21
Aug
13

SNH put positive spin on worrying golden eagle news

eagle-poisoned2There’s a very curious news item doing the rounds this morning that seems to have originated from an SNH press release. The news is that two immature female golden eagles have attempted to breed in two different locations and that this is somehow an indication of a potential ‘upturn’ in the fortunes of the Scottish golden eagle population.

To the unassuming general public, the news that golden eagles are breeding at an earlier age than normal (3 years old instead of the usual 4-6 years) may well sound like a positive story. On a superficial level this is probably true – breeding golden eagles, at whatever age, has got to be good news, right?

Wrong!

According to several scientific studies, the occurrence of breeding subadult eagles should actually be used as an early-warning of potential population decline. The reason these Scottish golden eagles are attempting to breed at three years of age is because there is little or no competition for that vacant territory. Why is there little or no competition? Because one or both of the territorial adults have been killed and there are very few non-breeding adults (known as ‘floaters’) around to challenge for the territory. If the population was healthy, it would be these breeding-age floaters that would move in to the territory, not an immature three-year old bird.

An excellent study (Whitfield et al. 2004 – see below) has also demonstrated that subadult and mixed-age breeding golden eagle pairs in Scotland have lower breeding success than adult pairs – a result of inexperience and persecution, seeing as most golden eagle territories in Scotland with subadult breeders are in areas associated with illegal persecution.

Des Thompson from SNH does mention the link to persecution in this press release but he kind of glosses over this and instead suggests that these young breeders are good news. They are good news as long as they are not bumped off, and the chances of them being bumped off is quite high because, as mentioned above, these territories with immature breeders are only available because the adults have already been persecuted.

Instead of spinning this as a ‘good news story’ and ignoring the known warning signs of a population in decline, SNH should be telling us how they are going to beef up their conservation efforts at these sites and get the Scottish golden eagle population back to a favourable conservation status – as it is, it is far from that.

The news story has been reported here, here and here.

Here is a PDF of the scientific study mentioned above, entitled The Effects of Persecution on Age of Breeding and Territory Occupation in Golden Eagles in Scotland:  Effects of persecution on age GE


7 Responses to “SNH put positive spin on worrying golden eagle news”


  1. 1 John McAree
    August 21, 2013 at 3:08 pm

    Do we expect anything better from SNH? They’ve lost all credibility over the past 3 or 4 years, and I now struggle to think of them even as being neutral, never mind on our side.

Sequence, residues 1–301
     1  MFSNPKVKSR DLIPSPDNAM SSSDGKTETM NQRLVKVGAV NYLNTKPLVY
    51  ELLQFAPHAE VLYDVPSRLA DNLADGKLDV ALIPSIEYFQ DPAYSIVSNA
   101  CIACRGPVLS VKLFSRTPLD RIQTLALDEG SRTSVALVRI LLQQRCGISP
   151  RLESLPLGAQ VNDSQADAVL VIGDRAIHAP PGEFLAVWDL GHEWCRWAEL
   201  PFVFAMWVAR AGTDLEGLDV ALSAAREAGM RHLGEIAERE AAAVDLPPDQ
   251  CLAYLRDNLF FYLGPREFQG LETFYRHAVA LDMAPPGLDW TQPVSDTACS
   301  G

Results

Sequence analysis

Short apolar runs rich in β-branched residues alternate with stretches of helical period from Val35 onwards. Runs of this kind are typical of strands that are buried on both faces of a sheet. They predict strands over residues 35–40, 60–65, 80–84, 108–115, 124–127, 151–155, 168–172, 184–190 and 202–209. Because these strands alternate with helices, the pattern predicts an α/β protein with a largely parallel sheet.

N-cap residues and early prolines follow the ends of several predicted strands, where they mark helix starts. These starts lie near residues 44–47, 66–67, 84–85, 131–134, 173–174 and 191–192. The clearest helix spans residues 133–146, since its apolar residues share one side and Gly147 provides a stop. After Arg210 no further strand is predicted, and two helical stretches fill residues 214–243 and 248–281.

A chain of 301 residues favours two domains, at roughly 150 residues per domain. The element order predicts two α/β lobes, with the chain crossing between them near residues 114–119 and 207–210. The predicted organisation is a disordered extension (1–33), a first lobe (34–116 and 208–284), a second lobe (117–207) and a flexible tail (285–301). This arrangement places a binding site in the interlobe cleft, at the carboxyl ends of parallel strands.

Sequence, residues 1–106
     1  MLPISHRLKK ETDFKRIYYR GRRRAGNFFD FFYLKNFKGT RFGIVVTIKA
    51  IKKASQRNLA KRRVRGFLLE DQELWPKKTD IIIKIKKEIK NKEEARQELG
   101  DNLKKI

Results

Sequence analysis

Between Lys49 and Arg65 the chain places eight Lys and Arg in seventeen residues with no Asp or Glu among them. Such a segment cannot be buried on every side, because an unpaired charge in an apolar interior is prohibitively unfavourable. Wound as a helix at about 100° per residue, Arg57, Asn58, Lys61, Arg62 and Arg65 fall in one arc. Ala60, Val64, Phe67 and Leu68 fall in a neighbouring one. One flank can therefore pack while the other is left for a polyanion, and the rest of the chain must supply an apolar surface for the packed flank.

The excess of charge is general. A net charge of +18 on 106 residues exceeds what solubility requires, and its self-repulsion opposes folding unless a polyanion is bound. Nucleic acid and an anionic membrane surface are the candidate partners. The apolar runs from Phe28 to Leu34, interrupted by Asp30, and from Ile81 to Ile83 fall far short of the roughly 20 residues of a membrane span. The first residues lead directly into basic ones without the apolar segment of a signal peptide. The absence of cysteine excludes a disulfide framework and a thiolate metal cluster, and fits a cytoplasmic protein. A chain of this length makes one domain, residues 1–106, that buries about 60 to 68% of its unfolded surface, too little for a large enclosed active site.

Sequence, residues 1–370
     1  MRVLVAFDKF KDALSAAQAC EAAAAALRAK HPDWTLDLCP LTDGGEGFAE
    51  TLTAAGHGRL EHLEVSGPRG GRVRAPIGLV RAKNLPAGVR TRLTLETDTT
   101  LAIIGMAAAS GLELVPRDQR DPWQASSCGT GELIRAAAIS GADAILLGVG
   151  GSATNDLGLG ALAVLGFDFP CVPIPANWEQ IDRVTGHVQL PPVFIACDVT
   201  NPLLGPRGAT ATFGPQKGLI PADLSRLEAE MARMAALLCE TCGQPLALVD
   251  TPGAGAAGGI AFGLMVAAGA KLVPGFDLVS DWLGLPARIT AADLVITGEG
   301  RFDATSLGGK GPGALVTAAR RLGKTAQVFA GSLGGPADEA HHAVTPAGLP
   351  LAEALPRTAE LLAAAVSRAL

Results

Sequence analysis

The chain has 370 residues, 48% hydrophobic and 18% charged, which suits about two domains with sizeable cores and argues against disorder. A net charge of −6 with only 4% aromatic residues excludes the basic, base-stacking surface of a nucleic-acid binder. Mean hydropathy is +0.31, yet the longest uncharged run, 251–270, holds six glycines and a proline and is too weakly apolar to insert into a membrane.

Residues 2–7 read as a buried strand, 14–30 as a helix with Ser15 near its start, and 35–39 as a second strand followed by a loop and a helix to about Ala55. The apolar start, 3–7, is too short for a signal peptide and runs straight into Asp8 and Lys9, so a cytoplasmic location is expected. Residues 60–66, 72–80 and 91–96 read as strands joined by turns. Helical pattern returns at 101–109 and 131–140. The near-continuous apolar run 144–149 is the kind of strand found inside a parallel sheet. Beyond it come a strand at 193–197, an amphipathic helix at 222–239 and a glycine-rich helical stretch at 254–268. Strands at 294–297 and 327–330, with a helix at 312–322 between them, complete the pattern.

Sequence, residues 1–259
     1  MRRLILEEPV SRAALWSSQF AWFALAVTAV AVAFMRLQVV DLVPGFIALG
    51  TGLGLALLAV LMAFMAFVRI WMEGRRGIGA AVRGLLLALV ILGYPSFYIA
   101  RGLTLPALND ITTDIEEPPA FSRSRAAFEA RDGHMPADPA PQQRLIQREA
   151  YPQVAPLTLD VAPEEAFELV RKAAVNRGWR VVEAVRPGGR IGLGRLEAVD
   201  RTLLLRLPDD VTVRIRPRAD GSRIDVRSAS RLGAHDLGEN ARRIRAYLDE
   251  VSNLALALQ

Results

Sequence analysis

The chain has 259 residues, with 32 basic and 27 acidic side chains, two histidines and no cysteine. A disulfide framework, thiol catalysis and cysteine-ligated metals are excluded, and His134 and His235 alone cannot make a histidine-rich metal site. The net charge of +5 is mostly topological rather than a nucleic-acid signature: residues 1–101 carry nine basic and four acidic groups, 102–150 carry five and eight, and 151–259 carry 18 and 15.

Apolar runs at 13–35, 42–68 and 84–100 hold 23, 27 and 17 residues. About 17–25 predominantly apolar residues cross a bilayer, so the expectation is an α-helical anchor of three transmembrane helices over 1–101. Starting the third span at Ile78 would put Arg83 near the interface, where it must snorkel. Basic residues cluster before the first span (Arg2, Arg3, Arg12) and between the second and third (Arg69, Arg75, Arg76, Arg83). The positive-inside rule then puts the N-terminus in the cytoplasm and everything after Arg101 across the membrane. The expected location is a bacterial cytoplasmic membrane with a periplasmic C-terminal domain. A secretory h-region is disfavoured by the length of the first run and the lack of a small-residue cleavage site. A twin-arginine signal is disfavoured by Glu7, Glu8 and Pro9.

• 2 nirofo
      August 21, 2013 at 7:23 pm

      You’re right, they’ve lost all credibility and are no longer fit for purpose. Bring back the halcion times of NERC which later became the NCC. Unfortunately it has continued it’s downward degeneration into the present SNH/NE, they are now an entirely different regime without autonomy and are basically yanked in any direction at the whim of DEFRA and the government.

  2. August 21, 2013 at 7:14 pm

    I just hope that this young female in Aberdeenshire survives until next year, as the territory I presume she has adopted for the past ten months borders an estate that has a notorious persecution record.

  3. August 21, 2013 at 7:30 pm

    That BBC link also says this at the side ‘Heavily persecuted in the past, these birds are now gradually increasing in number with 400 breeding pairs thought to be in Scotland at present.’
    There isn’t a comments to tell them is is rubbish.
    I anyone has heard of an increase i haven’t heard about it and it has been 400 pairs for decades with increases in the west and decreases in the east. Experts can correct me if i’m wrong.

    • August 21, 2013 at 8:15 pm

      I couldn’t stand the BBC article so wrote this complaint below.

      The statement on the right states ‘Heavily persecuted in the past, these birds are now gradually increasing in number with 400 breeding pairs thought to be in Scotland at present.’ Firstly they are not increasing. Numbers have been 400 for decades. Secondly they are still being persecuted. I don’t care so much if it was just a mathematical error but it is much more serious. The upbeat tone of your statement is extremely misleading. Golden Eagle persecution is still occurring on an annual basis. Your statement is ignoring this and pretending serious crimes are not being committed. This is just the type of propaganda the shooting estates who are persecuting birds of prey want the public to believe but it is simply a lie. The Golden Eagle has increased in the western part of its range but has decreased in the east as a direct result of persecution and if you read the article itself Roy Dennis alludes to this problem. Immature birds are breeding because of persecution. Get your facts straight and don’t give me this ‘happy’ crap. Would you dare play down other criminal activity?

      Click to access Illegal_bird_killing_tcm9-335703.pdf


      http://www.scotland.gov.uk/Topics/Environment/Wildlife-Habitats/paw-scotland/types-of-crime/crimes-against-birds/Poisoninghotspotmaps2010/2008-2012 raptorpersecutionscotland.files.wordpress.com/2013/08/effects-of-persecution-on-age-ge.pdf


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